© Cathal McNaughton / Reuters
German Chancellor Angela Merkel said that Germany needs to make a national effort to deport migrants who were refused asylum.
Merkel said that when migrants came in small numbers, those who were rejected the right to stay in Germany were not deported rigorously enough. Last year’s record influx of asylum seekers showed that such soft practices must be put to an end.
"We need a national push to deport those who are rejected. That’s indisputable and we’re working hard on that at the moment,” Merkel told a conference of the youth wing of her party in Paderborn on Saturday, Reuters reports.
It seems a bit late to make this 'sudden' push. Seems to me it should have started in earnest more than a year ago. I suspect they will have a difficult time finding those who have been rejected as they will simply go off the grid or slide across one of the EU's many wide open borders into another country where they will remain unregistered or register under a different identity.
The chancellor said deporting illegal migrants is another element of Germany’s refugee policy. She also stressed that those who were granted asylum must be integrated into German society.
The commitment to deporting illegal migrants out of the country, according to Merkel, will require certain administrative measures, mainly increases in staff at immigration centers at the municipal level.
Germany faced an influx of around 900,000 migrants last year. Considerably fewer, up to 300,000 refugees, are expected to arrive in Germany this year, Frank-Jurgen Weise, head of the country’s migration office said in August.
The refugee crisis caused numerous problems both for Merkel and her conservatives, and for the country in whole.
Merkel faced criticism for her open-door policy, and her conservative party lost supporters to the anti-immigrant Alternative for Germany (AfD).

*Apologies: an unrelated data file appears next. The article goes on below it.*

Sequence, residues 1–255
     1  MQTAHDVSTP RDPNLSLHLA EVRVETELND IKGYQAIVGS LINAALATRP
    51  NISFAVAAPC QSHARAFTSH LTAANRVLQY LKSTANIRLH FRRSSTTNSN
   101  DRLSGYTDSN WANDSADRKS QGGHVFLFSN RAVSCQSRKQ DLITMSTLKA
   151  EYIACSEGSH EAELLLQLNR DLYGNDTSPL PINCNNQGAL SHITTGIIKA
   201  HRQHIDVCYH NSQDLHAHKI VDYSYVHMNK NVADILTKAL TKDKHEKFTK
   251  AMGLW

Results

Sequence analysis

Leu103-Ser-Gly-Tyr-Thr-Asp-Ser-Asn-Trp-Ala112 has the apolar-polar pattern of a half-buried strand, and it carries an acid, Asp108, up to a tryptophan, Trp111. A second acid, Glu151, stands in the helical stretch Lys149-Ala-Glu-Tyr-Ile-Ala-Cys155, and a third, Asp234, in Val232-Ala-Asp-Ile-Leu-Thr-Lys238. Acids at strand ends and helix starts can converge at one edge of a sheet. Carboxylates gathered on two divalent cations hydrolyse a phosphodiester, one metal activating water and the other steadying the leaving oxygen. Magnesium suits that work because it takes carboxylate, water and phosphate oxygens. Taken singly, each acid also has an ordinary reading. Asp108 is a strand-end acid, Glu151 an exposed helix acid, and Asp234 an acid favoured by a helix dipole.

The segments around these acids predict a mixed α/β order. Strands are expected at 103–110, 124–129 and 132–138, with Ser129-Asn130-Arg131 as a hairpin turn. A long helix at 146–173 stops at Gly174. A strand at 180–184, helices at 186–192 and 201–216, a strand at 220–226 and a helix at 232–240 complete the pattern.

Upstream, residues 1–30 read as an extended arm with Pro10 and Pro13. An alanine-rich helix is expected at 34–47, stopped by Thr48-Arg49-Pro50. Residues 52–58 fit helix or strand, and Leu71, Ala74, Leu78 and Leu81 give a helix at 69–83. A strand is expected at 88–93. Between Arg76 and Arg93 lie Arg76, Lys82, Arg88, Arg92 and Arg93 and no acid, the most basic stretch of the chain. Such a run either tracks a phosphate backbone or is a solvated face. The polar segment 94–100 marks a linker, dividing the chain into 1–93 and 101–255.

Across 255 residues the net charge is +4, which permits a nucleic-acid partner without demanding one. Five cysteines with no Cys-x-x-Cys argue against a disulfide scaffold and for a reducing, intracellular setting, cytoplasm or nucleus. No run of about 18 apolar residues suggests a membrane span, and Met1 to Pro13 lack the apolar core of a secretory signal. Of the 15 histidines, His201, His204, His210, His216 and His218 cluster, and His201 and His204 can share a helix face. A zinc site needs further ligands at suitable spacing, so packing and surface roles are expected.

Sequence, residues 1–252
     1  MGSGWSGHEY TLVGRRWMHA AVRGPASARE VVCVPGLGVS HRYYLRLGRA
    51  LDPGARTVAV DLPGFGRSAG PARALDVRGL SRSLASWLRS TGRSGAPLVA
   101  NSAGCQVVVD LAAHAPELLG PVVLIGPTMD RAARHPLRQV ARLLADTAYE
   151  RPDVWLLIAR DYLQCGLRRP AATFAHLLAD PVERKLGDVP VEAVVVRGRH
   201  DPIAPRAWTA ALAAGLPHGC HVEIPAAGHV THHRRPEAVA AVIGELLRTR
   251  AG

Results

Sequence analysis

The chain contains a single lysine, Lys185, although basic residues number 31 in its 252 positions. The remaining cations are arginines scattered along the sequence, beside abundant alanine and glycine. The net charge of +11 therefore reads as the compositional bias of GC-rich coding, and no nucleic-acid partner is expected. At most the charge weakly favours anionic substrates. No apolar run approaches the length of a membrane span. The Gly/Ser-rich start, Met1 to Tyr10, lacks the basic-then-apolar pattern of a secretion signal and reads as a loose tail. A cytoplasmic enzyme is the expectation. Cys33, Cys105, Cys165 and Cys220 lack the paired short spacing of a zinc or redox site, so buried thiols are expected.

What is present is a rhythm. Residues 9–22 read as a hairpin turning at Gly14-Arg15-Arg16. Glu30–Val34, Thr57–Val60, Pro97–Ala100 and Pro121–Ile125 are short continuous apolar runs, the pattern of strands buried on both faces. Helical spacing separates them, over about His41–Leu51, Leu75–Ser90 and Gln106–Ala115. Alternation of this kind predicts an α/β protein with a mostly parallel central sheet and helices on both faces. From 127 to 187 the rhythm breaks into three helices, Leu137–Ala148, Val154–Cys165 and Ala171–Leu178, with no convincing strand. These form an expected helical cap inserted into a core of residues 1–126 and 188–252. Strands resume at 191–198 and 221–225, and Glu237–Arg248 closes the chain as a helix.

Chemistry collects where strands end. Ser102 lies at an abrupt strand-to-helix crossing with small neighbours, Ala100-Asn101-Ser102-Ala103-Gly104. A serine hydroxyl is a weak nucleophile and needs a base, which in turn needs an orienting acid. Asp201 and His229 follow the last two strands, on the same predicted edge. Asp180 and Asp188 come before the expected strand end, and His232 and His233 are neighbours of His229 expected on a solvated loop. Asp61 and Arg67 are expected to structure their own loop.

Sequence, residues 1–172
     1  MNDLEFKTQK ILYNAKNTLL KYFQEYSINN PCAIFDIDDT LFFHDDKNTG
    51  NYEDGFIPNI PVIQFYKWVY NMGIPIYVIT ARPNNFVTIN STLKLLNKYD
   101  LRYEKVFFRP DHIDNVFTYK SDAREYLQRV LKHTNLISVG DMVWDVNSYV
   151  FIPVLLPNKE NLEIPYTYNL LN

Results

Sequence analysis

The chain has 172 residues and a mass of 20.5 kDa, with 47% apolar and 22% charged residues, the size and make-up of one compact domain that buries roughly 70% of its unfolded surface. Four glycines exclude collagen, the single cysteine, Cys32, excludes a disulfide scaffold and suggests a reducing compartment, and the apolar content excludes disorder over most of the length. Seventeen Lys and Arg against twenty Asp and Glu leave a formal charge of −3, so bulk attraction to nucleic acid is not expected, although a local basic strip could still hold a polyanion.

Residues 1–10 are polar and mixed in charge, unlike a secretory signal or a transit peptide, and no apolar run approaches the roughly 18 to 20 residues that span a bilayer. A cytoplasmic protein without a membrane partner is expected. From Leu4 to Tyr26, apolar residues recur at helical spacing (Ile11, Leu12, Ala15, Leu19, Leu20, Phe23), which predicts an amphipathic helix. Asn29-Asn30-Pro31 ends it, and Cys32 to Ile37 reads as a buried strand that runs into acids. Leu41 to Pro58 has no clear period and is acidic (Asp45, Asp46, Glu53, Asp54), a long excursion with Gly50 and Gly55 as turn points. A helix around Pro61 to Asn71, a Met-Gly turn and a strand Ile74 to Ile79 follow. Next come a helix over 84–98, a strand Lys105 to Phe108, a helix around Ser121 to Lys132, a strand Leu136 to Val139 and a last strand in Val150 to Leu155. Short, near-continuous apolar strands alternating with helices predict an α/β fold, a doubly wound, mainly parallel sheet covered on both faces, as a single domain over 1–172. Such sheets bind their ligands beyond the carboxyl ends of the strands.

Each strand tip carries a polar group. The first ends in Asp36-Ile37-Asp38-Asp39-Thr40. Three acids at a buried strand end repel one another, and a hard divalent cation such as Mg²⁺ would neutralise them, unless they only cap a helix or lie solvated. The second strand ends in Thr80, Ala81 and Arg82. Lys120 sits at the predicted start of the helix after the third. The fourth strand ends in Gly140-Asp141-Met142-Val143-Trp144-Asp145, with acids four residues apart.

According to the Dublin Regulation, an EU law, people refused asylum in one EU country cannot apply for asylum in another member country. If Merkel sticks to the idea of deporting illegal immigrants, they well be de-facto forced to leave the EU.
Some, however, believe that the scale of the refugee crisis has been greatly exaggerated by the media, and that less than one million migrants is not that much for Germany with a population of around 80 million.
And they would be right if all the migrants assimilated into German culture and, from my contacts in Germany, it appears many are doing just that.
The problems are two-fold:
1) there are terrorists embedded in the migrant flow. Probably not a lot, but you don't need many terrorists to destroy a way of life. Ask a Parisian.
2) An unknown portion, probably a majority, will continue in the Muslim delusion making themselves and their children more susceptible to being radicalized. Remember in Britain it became obvious that second generation Muslims are much more intently Muslim than their parents. Probably a backlash against their parent's apparent apostasy. If that happens in Germany, look-out!